Late Lunch Talks: DOUBLEHEADER - Eric Coissac (University Grenoble-Alpes) and Melanie Monroe (CEES).

Late Lunch Talk doubleheader. We will have talks by Eric Coissac (University Grenoble-Alpes) and Melanie Monroe (CEES).

TALK 1: Eric Coissac

Sequencing 6000 chloroplasts : the phyloAlps project or revisiting the DNA barcode concept

DNA Barcoding is now considered as a key element by taxonomists and many Museums around the world  are investing a lot in that approach to describe their collections. But DNA barcode was proposed fifteen years ago by Paul Hebert considering the sequencing technology available at that time. Can we imagine today, a new way to produce DNA barcodes without compromising the previous effort but taking advantage of the new sequencing technologies?


TALK 2: Melanie Monroe

Could the way we classify and conserve species be causing their extinction?

Human impact on the environment is having a devastating effect on local and global biodiversity. Most conservation programs strive to counteract these effects by investing resources to protect species richness and/or genetic differences between species. While these practices are both logical and necessary, it is possible that, in some cases, they contribute to the demise instead of the well-being of a species. Organisms can be categorized into units we call species based on their genetic, phenotypic and functional differences. Species that are at higher risk of extinction are often able to accrue more resources for conservation than species classified as having a lower extinction risks. By splitting one species comprised of several populations into several species with one (or a few) population(s) each we increase the number of species that may now or in the near future need conservation. On the surface, this seems like an excellent way to accrue more conservation resources for species that are at lower risk of extinction. By splitting one species into several, we reduce the population size for each new species. Population size is a major factor in determining the extinction risk of a species. Thus, it is likely that many of these new species will have higher risks of extinction than when they were lumped together as one. By reducing population sizes we may gain additional support for conservation resources, however, we also reduce (1) the number of reproductive individuals able to contribute to the next generation and (2) if we conserve the integrity of the species, we reduce the amount of gene flow between populations by keeping other “species” from migrating and mating. This could result in genetic drift and/or inbreeding depression. Using a variety of methods, I plan to evaluate whether over-splitting species has resulted or will result in higher extinction risks and/or extinction.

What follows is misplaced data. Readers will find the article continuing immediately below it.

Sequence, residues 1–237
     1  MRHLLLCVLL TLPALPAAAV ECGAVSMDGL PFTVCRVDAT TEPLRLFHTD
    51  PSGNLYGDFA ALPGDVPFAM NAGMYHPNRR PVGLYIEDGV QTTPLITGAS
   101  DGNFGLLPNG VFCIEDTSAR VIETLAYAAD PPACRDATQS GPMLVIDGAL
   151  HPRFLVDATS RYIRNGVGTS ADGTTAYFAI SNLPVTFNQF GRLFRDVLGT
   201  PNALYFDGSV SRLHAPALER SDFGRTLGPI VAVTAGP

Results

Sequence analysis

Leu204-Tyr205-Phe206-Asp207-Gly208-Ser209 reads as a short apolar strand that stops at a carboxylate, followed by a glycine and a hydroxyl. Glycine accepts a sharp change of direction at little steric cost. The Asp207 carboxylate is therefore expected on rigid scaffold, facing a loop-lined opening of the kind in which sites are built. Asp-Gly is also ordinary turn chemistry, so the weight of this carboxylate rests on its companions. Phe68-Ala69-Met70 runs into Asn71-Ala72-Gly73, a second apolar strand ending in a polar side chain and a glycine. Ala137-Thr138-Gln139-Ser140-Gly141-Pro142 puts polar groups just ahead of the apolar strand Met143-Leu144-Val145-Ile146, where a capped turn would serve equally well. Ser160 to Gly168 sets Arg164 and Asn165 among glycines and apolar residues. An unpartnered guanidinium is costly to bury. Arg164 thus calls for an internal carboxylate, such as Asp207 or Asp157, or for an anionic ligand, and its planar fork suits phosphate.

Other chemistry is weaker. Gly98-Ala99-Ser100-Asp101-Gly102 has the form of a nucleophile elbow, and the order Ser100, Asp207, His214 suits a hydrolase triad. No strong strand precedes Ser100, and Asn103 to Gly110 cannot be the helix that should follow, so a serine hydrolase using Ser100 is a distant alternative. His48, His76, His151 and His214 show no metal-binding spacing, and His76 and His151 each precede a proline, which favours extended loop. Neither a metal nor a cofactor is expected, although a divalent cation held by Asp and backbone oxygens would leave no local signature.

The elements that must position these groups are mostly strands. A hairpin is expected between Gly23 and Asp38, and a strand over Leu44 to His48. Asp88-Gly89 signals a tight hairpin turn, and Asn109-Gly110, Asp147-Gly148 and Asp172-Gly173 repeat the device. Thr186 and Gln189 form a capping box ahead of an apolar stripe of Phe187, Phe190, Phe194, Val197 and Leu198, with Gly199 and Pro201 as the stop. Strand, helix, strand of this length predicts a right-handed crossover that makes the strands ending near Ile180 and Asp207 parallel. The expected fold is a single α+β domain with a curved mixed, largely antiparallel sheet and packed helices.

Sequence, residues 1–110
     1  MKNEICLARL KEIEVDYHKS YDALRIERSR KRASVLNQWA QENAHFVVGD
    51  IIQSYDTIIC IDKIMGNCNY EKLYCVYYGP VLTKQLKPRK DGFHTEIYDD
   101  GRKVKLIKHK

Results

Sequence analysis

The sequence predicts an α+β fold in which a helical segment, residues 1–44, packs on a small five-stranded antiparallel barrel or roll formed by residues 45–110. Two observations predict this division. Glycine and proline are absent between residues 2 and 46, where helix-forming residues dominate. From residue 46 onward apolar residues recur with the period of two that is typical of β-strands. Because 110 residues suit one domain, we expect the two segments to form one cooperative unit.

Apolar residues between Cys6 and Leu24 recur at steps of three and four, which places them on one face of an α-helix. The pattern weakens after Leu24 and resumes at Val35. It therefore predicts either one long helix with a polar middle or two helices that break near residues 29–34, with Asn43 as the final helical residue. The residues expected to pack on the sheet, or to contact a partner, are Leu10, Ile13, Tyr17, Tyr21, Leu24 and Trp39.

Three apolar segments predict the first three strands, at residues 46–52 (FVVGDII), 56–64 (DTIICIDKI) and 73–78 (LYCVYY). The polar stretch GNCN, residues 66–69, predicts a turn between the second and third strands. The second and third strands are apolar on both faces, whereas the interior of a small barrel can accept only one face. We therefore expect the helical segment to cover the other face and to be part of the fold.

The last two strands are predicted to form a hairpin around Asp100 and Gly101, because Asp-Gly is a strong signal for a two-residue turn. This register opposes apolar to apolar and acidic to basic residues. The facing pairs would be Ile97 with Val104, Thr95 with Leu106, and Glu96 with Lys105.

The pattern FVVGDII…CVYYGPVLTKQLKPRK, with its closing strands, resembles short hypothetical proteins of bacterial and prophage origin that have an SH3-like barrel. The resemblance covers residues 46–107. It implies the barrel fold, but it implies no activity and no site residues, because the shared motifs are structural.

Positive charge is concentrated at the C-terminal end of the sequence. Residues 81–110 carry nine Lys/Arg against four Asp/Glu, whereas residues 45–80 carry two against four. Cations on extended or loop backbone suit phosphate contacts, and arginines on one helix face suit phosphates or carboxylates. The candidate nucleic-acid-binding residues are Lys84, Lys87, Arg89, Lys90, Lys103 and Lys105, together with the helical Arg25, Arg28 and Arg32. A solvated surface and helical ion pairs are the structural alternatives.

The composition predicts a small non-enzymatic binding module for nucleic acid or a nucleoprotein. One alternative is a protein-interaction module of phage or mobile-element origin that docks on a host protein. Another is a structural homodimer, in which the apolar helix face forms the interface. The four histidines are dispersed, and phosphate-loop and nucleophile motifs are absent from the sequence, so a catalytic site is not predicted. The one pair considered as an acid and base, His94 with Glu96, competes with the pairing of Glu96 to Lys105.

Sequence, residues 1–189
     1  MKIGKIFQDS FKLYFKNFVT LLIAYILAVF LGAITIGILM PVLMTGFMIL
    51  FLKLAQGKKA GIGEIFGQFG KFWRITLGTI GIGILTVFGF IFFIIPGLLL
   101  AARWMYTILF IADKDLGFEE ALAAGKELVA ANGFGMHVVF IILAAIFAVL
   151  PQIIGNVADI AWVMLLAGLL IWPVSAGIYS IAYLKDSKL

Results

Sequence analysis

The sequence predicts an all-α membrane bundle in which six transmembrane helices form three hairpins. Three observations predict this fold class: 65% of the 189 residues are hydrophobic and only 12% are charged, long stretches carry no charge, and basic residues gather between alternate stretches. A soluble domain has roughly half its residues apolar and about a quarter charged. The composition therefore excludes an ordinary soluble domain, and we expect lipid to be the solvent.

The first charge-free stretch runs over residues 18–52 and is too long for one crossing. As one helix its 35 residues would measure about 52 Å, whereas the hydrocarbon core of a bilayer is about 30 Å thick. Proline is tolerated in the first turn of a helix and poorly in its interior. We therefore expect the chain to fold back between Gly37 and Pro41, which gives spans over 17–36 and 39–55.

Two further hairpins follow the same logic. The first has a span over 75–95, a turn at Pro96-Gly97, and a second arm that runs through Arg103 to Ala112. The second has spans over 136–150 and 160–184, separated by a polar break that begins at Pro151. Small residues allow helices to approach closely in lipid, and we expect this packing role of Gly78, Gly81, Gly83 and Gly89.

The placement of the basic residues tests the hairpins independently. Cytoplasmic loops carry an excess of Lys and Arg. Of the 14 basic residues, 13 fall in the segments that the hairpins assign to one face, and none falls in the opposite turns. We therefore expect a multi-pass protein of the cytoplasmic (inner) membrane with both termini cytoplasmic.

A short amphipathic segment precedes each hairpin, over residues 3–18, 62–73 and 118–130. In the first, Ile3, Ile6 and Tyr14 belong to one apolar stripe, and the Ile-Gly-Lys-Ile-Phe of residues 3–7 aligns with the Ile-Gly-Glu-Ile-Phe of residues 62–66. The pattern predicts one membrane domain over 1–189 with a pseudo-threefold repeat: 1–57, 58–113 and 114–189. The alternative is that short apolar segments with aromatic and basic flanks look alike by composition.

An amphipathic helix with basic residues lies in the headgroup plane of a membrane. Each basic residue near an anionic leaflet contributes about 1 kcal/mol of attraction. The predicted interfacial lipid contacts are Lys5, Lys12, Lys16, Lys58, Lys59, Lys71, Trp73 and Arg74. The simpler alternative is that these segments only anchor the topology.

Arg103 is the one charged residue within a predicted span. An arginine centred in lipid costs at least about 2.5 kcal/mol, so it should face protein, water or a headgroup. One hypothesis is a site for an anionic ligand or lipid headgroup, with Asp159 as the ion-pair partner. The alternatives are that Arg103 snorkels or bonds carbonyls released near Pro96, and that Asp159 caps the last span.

Published Oct. 27, 2017 7:41 AM - Last modified Mar. 8, 2021 2:44 PM